If you are living with breast cancer or care for someone who does, you’ve likely read quite a bit about the condition. However, it’s impossible to know everything about breast cancer, as it has such a wide range of variables and can affect people differently.
Following are five facts about breast cancer that can give you more information about the condition. Learning more about breast cancer can help you better understand the condition and treatments.
Many people associate breast cancer with a lump in the breast tissue. However, during the early stages of breast cancer, symptoms like a lump don’t always appear. In fact, other signs and symptoms may occur instead. Contact your doctor for a breast cancer screening, either a mammogram or ultrasound, if you notice any of these signs:
Keep in mind that finding a breast lump doesn’t mean you have cancer. Benign masses may be a cyst, fibroadenoma, or breast tissue that's thicker in one area of the breast. Remember, early detection can save your life, so if you spot anything suspicious or experience pain in your breast, don’t ignore it. Contact your doctor so you can discuss your symptoms, family history, and any other issues that may contribute to breast cancer risk factors.
Everyone has BRCA1 and BRCA2 genes, which repair damaged cells. Yet, when mutations appear in these genes, they're passed genetically to the next generation, increasing the recipients’ risk of breast, ovarian, prostate, and other cancers.
Although women are primarily associated with BRCA1 and BRCA2 gene mutations and breast cancer, men also may have mutated BRCA1 and BRCA2 genes, putting them at risk of developing breast cancer.
According to the American Cancer Society, about 2,650 new cases of invasive breast cancer will be diagnosed in U.S. men this year, and the risk of a breast cancer diagnosis is 1 in 833 during the course of a man’s lifetime. It's estimated that 530 men in the U.S. will die from breast cancer in 2021.
Men can also have the same common types of breast cancer as those diagnosed in women:
Certain factors may also increase the chances of male breast cancer occurring, such as testicular injuries, swelling in the testicles, or surgery to remove the testicles.
Breast cancer risk increases for people who have relatives with the disease. Discuss your family history with your doctor, and ask about genetic testing to learn if cancer runs in your family. If you decide to get genetic testing, ask your doctor for a referral to a genetic counselor so all your questions can be answered.
If your body mass index (or BMI) is higher than 25, your risk of a breast cancer diagnosis increases compared to those who maintain a healthy weight, according to Breastcancer.org. This is particularly true of those who are postmenopausal or who have extra weight around their belly.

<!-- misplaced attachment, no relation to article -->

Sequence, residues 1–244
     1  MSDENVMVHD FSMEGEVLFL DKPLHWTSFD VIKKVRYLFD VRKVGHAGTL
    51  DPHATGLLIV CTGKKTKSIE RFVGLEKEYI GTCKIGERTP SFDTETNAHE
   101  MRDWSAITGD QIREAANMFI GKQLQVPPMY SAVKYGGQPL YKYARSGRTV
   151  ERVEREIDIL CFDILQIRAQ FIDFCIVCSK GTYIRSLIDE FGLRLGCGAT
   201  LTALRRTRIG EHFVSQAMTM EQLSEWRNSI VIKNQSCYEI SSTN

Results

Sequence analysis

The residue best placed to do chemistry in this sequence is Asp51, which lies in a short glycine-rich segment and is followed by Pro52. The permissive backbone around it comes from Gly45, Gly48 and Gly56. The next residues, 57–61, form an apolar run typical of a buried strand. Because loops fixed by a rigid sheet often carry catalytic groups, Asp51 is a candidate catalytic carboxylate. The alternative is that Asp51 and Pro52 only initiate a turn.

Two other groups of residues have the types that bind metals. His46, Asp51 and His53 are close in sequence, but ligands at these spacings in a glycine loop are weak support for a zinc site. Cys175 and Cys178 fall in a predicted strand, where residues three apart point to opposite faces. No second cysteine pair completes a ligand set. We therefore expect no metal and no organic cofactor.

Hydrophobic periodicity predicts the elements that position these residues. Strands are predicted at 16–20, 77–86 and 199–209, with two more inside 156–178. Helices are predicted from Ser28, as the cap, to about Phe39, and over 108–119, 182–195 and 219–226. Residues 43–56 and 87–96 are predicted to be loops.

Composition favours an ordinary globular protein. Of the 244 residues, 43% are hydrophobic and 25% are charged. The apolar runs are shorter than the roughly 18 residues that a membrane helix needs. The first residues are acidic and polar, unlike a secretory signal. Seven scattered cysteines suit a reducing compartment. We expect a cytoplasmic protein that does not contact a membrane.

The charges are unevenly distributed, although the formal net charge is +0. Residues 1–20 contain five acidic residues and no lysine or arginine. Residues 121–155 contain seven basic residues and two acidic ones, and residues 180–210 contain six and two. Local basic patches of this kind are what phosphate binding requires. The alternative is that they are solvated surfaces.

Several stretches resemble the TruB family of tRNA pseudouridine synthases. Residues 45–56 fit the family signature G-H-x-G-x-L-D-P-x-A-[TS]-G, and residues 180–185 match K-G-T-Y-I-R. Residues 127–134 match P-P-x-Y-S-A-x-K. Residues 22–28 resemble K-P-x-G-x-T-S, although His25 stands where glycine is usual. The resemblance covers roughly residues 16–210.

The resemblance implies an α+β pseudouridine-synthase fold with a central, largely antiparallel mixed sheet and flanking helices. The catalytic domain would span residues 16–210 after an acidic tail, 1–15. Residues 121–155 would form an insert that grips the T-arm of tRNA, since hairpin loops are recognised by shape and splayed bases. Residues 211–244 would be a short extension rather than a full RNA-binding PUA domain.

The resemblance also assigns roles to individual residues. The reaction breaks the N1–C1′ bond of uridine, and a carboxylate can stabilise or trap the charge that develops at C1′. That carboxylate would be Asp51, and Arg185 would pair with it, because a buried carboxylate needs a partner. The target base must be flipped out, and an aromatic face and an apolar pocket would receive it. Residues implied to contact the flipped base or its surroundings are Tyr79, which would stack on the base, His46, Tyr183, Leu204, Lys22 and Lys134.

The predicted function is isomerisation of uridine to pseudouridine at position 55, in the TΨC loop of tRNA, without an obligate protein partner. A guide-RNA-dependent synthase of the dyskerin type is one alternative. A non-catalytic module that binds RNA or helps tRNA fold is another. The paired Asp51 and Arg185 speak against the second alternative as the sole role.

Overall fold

The Susan G. Komen Foundation reports that women who are overweight or obese before menopause have a 20 percent to 40 percent lower risk of breast cancer than those who are slim. However, postmenopausal women who are overweight or obese have a 20 percent to 60 percent higher breast cancer risk than women who are lean, and most breast cancer diagnoses occur following menopause.
Maintaining a healthy weight can potentially lower your risk of breast cancer — but doing so will not completely eliminate the risk of breast cancer. If you need guidance on what to eat and whether you should exercise, speak with your doctor and get a referral to meet with a dietitian.
Information about the connection between breast cancer and alcohol can be confusing, but evidence suggests that alcohol consumption is associated with an increased risk of breast cancer. Studies have indicated that moderate alcohol consumption is connected to a 30 percent to 50 percent increase in breast cancer risk. “Moderate” consumption refers to drinking between 15 and 30 grams (one or two drinks) of alcohol daily.
Research shows how ethanol in alcoholic drinks is broken down to acetaldehyde, considered a possible carcinogen, which can damage both DNA and proteins. In addition, alcohol may impair how the body metabolizes and absorbs various nutrients like vitamin A, vitamin B complex, vitamin C, vitamin D, vitamin E, and carotenoids. Alcohol can also increase the blood levels of estrogen, which can be associated with an increased risk of breast cancer.
Although reducing your alcohol consumption and making lifestyle changes like diet and exercise will reduce your risk factors, they will not eliminate the chances of developing breast cancer.
From the time many people reach puberty, they’ve been taught to do a monthly breast self-exam. However, the American Cancer Society does not recommend regular self-exams as part of a routine breast cancer-screening schedule. As part of its recommendation, the organization notes there’s no evidence that regular breast self-exams can help reduce breast-cancer related deaths. The organization does encourage people to be aware of any noticeable changes in their breasts.
Not all experts agree on the benefits of breast self-exams. If you are unsure whether you may benefit from self-exams, or if you notice any changes to your breasts, you should speak with your doctor.
MyBCTeam is the social network for people with breast cancer and their loved ones. On MyBCTeam, more than 53,000 members come together to ask questions, give advice, and share their stories with others who understand life with breast cancer.
Which breast cancer facts do you find the most compelling? Share your experience in the comments below, or start a conversation by posting on your activities page.